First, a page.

Via David R, how the myth of Irish slaves became a favourite meme for racists

Film Crit Hulk writes some fascinating stuff about new (online) media channels and the future of TV. Features the McElroy brothers, whose D&D podcast The Adventure Zone is reliably entertaining – the Alligator put me on to that one last January.

This NYT account of the aspiring novelist who became Obama’s foreign policy guru really explains a lot about the Obama administration. I figure this guy would not have fit in with any other President in recent memory, and wouldn’t work with any of the candidates for the office either. Fascinating. West Wing enthusiasts are particularly recommended to read this.

And finally, Hobbes & Me

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Stone Junk Linky

Why are the penises on ancient statues so small?

Via Aaron, credits to Empire Strikes Back in the style of a James Bond movie.

Star Wars – Episode V "The Empire Strikes Back" Homage (Title Sequence) from KROFL on Vimeo.

Can someone explain to me how the heck this is possible? Elaborate 3D animations the size of an animated GIF?

The Atlantic on the growing divide between the Game of Thrones novels and TV show.

Via Johnnie: a 90-minute chat show where host Samm Levine (one of the geeks from TV’s Freaks & Geeks) interviews John Francis Daley (another of the geeks from TV’s Freaks & Geeks). I haven’t watched this yet!

Via d3vo – a ten-minute science show that does a pretty good explainer on why social psychology is in trouble, and what it has to do with yummy tasty cookies. There’s waaay more to talk about, but this is a good starting point.

And finally, via Lew, and I’m gonna borrow his selection of pullquote: I have no deeper explanation for why human females can dissolve rocks with our genitals. It simply is.

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Teen Linky

via Evie: Stop telling me our relationship with our teens should suck. Our culture really loves to talk about how awful teens are. This is a necessary corrective.

Nonverbal autistic woman Carly Fleischmann launches her talk show interviewing a very game, and very lovely, Channing Tatum.

You’ve watched that Radiohead music vid that does a 70s horror movie in kids puppet format, right?

The Washington Post digs into the insult “egg”, which is hot on twitter right now. Here in NZ it has a long and proud history. You egg.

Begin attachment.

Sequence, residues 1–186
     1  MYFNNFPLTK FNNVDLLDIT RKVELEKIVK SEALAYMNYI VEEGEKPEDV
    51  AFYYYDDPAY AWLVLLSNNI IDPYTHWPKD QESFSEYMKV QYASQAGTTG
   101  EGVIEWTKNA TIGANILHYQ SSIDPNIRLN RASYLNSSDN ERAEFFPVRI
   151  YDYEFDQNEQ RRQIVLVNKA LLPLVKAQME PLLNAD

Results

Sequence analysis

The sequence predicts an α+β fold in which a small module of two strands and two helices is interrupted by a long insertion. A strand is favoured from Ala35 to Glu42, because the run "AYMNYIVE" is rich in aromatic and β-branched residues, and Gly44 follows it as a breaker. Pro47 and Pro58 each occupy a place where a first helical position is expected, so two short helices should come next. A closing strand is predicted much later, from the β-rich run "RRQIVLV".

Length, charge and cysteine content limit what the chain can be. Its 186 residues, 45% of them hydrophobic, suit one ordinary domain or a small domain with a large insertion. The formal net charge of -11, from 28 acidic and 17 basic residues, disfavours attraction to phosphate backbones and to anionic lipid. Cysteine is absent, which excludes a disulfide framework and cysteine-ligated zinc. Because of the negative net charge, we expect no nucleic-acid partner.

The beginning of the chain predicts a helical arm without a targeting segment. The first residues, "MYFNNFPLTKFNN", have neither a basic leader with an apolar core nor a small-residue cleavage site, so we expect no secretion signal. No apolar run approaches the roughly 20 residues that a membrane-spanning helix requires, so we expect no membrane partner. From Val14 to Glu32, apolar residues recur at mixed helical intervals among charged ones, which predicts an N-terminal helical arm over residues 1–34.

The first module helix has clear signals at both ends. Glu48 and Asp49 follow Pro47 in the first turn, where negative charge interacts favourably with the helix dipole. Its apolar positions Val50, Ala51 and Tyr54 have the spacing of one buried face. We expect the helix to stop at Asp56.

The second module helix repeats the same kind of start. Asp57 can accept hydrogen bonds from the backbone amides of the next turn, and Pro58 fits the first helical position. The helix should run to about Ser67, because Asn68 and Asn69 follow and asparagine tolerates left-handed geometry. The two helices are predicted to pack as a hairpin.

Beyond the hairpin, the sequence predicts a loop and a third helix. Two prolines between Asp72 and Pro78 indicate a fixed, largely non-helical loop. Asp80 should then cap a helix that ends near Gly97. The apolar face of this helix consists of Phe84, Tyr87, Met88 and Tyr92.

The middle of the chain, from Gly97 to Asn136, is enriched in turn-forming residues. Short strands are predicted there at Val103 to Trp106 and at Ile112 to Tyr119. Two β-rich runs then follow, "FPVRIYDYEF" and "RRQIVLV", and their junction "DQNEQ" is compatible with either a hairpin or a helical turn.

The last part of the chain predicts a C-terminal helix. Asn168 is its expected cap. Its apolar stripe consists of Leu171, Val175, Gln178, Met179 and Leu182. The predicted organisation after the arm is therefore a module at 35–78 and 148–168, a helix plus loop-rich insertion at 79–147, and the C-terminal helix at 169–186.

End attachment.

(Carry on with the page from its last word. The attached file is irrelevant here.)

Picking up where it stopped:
Via d3vo, river rockets of the Soviet space age. These look like they fell out of a classic Dan Dare strip!

And finally, this great blogpost starts with a sexist controversy surrounding a recent Wonder Woman comic book, and ends up surveying the ways toxic masculinity is messing up whole swathes of pop culture appreciation. (Even Monkees fandom for pete tork’s sake.)

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Plastic Linky

I loved this edition of Manfeels Park. Hee hee! (Remember that all the dialogue is drawn from real exchanges online, with source link below the comic!)

Via Gareth: the voices of Pinky & the Brain read… Pulp Fiction. (Just one scene!)

(and via Cyrus, a highly entertaining script reading of The Matrix)

Great personal story: I was a Men’s Rights Activist.

Peter Mayhew (Chewbacca) has been sharing shooting script pages from Star Wars, and there’s stuff I haven’t heard of before – like how Obi Wan was meant to survive the Death Star! This must have been changed on set!

Insanely huge Lego Star Destroyer

Original Pope of this blog (and upcoming contestant on Mastermind) David Ritchie discovered io9 shamelessly ripping off our “Pantheon of Plastic” idea: which actors played the most characters who got action figures?

And finally, via Pearce, from the NYT, the battle over the Sea Monkey fortune. Even more interesting than it sounds.

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Remaking ANZAC Day

Every year on April 25, New Zealand (and Australia but I’m talking NZ here) marks ANZAC Day, which commemorates soldiers who fell in wars great and small. Particularly it remembers the horrific slaughter at Gallipoli in World War I, which is often seen as the moment where NZ became a nation.

It is always a contested event: the nationalism and militarism of the day are obvious, and there is a fundamental ambiguity over whether the solemn ceremonies deplore the violence, or strengthen the narrative that it was necessary. But each year, attempts to complicate the mythology of ANZAC day are met with furious resistance by a populace who simply want to remember their relatives from previous generations who died doing their best in a horrid distant war, and to pray that no such horror ever comes again. The talkback radio phones ring hot decrying the insensivity of protesters.

This year, two fresh threads in this critique have emerged that seem fruitful as ways to attack the nationalist and militarist mythmaking around the day but seem to have avoided this fierce backlash.

First, the idea of explicitly expanding ANZAC Day’s commemorations to include the wars within New Zealand (commonly known as the Māori Land Wars). The idea is covered beautifully by Toby Morris’s latest Pencilsword comic strip, “Lest We Forget“.

Second, a set of guerrilla sculptures erected around Wellington showing a soldier receiving Field Punishment Number 1, a brutal punishment meted out to pacifists who refused to fight. Public opinion is generally in agreement now that this is a blemish on our past. Protest group “Peace Action Wellington”, normally being tarred and feathered at this time of year for its protest actions, is this time being written about with something approaching admiration in the daily paper, and the comment section as I write is solidly in favour of the sculptures.

Great work on both accounts. I look forward to these threads being expanded further in years to come.